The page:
43. All puppies born at the Morphett Street Guide Dogs Puppy Development Centre are sent to their Puppy Raiser homes with two individually designed blankets made by Bev, one of our dedicated volunteers. Yes pink for the girls and blue for the boys. Dark colours for black dogs, lighter for the yellows. To date its more than 300 blankets – that’s a lot of love.
44. A Guide Dog’s diet is very strict to ensure tip top health and condition. It is based around a dry food allocation (Advance) with rewards coming from their daily food allowance. Favourite treats are apple slices and carrots. A Guide Dog needs to be fit and trim.
45. Thousands of people learnt about and experienced the challenges of vision loss through interactive displays at Guide Dogs SA’s award-winning Discovery Centre. The experience will now be evolved into a program in the community.
46. Guide Dogs not only guide, they provide a person with vision loss companionship, love, safety, independence and inclusion by opening up their ability to participate in their community, breaking down isolation.
47. Our iconic life-size model collection dogs can be found in shops and other businesses and there’s smaller ones for counters. They get plenty of cuddles and pats from little children. There’s 1,674 around the State. Commissioned in 1963, the first was placed in Norwood. Now you’ll find them all over the State north, south, east and west from Leigh Creek and Port Augusta, Mount Gambier, Ceduna and Kangaroo Island. Little coins make a big difference. We are now also going high tech too, with tap to donate electronic machines appearing this year in shops and cafes.
48. Blind SA teacher Miss Ruby Belleli was the second person to receive a Guide Dog provided by the SA Association and was the first blind person in Australia to be granted registration as a secondary school teacher.
49. The early pioneers who developed Guide Dogs SA have meeting rooms in Morphett Street named after them to pay tribute to their outstanding contributions – Frank Beauchamp, Bevan Rutt, Malcolm Penn. We also have rooms named after Beau, Irene Baxter, Beth Klugh, Roy and Marjorie Edwards, and the Johnston and Ness rooms paying tribute to major donors and bequesters and the Schembri room is named after Emanuel Schembri a community liaison officer who had Guide Dogs Ben and Kelti.
50. The late Malcolm Penn OAM was the first blind person to graduate in law from the University of Adelaide, and was accompanied by his first Guide Dog while on campus towards the end of his degree. Also a keen sportsman, Malcolm completed three Adelaide Marathons and several City-Bay fun runs with the assistance of sighted guides. He also took part in the Sydney Olympics Torch Relay with his Guide Dog Vinty.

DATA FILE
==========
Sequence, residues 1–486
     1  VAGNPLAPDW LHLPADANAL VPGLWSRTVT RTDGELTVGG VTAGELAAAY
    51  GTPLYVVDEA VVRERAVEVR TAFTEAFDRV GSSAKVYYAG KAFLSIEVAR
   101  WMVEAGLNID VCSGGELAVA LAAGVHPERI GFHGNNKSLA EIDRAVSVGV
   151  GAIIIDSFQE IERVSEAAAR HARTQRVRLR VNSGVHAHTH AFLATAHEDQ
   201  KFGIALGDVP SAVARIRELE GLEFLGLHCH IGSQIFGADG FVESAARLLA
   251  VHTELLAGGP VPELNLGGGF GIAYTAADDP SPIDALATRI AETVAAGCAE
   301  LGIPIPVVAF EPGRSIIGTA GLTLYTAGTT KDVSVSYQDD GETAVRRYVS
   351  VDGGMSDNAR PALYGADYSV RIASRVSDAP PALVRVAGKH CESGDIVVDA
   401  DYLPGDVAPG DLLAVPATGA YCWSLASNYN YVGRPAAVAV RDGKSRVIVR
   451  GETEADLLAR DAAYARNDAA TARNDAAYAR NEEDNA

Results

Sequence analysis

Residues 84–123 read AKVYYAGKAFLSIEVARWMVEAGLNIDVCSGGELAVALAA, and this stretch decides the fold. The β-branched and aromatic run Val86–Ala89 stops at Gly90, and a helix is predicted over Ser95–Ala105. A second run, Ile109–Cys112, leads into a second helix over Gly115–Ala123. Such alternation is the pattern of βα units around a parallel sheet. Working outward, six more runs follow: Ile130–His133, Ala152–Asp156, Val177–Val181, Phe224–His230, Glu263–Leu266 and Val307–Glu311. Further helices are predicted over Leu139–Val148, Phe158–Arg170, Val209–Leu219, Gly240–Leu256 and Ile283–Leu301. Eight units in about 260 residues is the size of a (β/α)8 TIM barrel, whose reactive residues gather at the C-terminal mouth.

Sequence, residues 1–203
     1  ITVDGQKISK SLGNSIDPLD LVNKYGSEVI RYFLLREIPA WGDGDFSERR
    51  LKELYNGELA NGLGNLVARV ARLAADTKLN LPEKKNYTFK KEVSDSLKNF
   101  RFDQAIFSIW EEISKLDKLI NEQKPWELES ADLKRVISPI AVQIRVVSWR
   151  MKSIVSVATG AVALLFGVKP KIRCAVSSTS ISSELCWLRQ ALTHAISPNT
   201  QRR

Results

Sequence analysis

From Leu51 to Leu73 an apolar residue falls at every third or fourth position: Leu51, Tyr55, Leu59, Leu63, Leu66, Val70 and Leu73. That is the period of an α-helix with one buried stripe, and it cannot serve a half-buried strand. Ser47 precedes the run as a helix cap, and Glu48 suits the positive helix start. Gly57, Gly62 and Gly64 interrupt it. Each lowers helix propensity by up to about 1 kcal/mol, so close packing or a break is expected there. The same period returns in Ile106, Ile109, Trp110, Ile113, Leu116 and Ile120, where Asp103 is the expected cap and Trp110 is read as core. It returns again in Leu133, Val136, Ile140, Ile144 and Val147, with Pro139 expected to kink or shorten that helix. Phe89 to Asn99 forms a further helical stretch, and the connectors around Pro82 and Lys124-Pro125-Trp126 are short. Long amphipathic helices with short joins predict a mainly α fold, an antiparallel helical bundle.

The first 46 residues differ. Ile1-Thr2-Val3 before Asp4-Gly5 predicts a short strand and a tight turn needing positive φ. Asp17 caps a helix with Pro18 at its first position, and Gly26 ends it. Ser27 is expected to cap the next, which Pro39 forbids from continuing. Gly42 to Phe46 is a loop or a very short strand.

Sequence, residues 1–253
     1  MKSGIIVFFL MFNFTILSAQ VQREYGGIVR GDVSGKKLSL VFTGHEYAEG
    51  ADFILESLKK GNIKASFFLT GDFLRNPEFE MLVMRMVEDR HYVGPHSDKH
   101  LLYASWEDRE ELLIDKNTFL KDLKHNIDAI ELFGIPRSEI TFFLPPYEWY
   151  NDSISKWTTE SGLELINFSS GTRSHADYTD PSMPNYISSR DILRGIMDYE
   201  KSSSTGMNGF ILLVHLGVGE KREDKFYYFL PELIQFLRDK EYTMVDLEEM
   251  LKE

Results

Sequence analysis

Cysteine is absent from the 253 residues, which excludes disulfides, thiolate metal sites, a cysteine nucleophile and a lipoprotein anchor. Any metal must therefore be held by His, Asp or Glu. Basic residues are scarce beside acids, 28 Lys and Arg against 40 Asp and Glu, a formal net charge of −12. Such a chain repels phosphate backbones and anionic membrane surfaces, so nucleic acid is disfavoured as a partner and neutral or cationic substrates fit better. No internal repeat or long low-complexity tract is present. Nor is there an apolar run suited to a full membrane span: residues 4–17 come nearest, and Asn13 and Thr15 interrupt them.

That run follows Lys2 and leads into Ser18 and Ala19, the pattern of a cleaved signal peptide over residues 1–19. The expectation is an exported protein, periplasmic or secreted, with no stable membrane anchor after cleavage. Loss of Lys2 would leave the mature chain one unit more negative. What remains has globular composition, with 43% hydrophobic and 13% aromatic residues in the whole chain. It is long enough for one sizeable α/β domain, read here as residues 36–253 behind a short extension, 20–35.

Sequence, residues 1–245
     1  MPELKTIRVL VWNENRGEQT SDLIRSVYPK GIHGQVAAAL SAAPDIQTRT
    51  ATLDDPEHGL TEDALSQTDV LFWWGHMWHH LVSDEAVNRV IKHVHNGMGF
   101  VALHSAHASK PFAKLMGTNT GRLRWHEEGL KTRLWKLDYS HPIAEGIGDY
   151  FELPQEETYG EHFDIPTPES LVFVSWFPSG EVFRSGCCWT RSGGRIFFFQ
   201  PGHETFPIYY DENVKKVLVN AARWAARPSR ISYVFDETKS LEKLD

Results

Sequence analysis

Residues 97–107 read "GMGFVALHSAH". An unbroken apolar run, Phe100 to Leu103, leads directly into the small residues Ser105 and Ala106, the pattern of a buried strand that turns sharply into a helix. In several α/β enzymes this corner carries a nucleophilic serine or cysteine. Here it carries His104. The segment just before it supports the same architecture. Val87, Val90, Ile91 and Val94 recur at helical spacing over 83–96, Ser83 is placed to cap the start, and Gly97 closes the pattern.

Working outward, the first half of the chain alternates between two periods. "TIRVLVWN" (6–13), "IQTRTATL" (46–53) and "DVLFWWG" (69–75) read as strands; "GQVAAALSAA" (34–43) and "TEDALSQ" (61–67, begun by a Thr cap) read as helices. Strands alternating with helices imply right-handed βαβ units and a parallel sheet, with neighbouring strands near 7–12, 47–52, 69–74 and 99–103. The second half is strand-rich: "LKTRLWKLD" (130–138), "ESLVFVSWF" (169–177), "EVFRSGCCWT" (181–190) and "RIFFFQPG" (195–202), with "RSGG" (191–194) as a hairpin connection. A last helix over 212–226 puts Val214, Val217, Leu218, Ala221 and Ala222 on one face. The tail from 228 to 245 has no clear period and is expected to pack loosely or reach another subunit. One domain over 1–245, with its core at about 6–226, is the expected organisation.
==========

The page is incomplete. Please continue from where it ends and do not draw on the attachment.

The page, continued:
51. Guide Dogs SA was pleased to assist the SA Ambulance Service in 2014 for dog safety restraints to be installed in South Australian ambulances to help paramedics cope with the increasing number of patients who rely on the help of canines.
52. Guide Dogs has been voted Australia’s Most Trusted Charity for the past five years in a row. We are humbled by your faith in our work.
53. International Guide Dog Day is held on the last Wednesday of April to celebrate the difference the amazing dogs make to people’s lives. In Adelaide there is a parade of suppawters and Guide Dogs down King William Street to Government House.
54. Ian Shepherd and Guide Dog Butch were the first in South Australia to be trained in 1969 the use of binaural spectacles at the national training centre. The spectacles enable a sense of the surrounding environment by means of ultrasonic waves which are converted to audible sounds.
55. Betty Bridges was the first Guide Dog trainer in Australia having met Arnold Cook in England during his training with his dog Dreena. In the 1940s she had applied for a position with Captain Laikoff who was training Guide Dogs in England, but was told only men were wanted. That all changed in World War II and she became one of his pupils.
56. In 1966 Maralyn Clark, 20, became the first blind person in South Australia to obtain a St John Ambulance First Aid Certificate. She topped the class in the final exam. She worked as a switchboard operator, was a member of the Adelaide Rural Youth Club and the owner of golden Labrador Guide Dog Panda.
57. Elsie Mead was presented with a British Empire Medal for services to Guide Dogs by Her Majesty Queen Elizabeth II during the Royal Visit to Perth in 1982. By then Elsie was accompanied by her Guide Dog Wendy.
58. In 1962 Northern Territory joined with South Australia for the organisation to become Guide Dogs SA/NT.
59. All Guide Dogs SA/NT Guide and Autism Assitance Dogs are provided with ongoing annual support visits to ensure that they are working optimally. This also ensures that we identify when the dog should retire which is at a time or stage that will ensure they have some quality of life in retirement, (this is by agreement). Retirement age is normally around 10/11years of age. This does fluctuate however depending on the type of work they have been asked to perform through working life.
60. Guide Dogs relies on the generosity of the community to be able to provide it’s services. There are many ways to contribute from regular donations, puppy sponsorship, hosting a collection dog or a community event.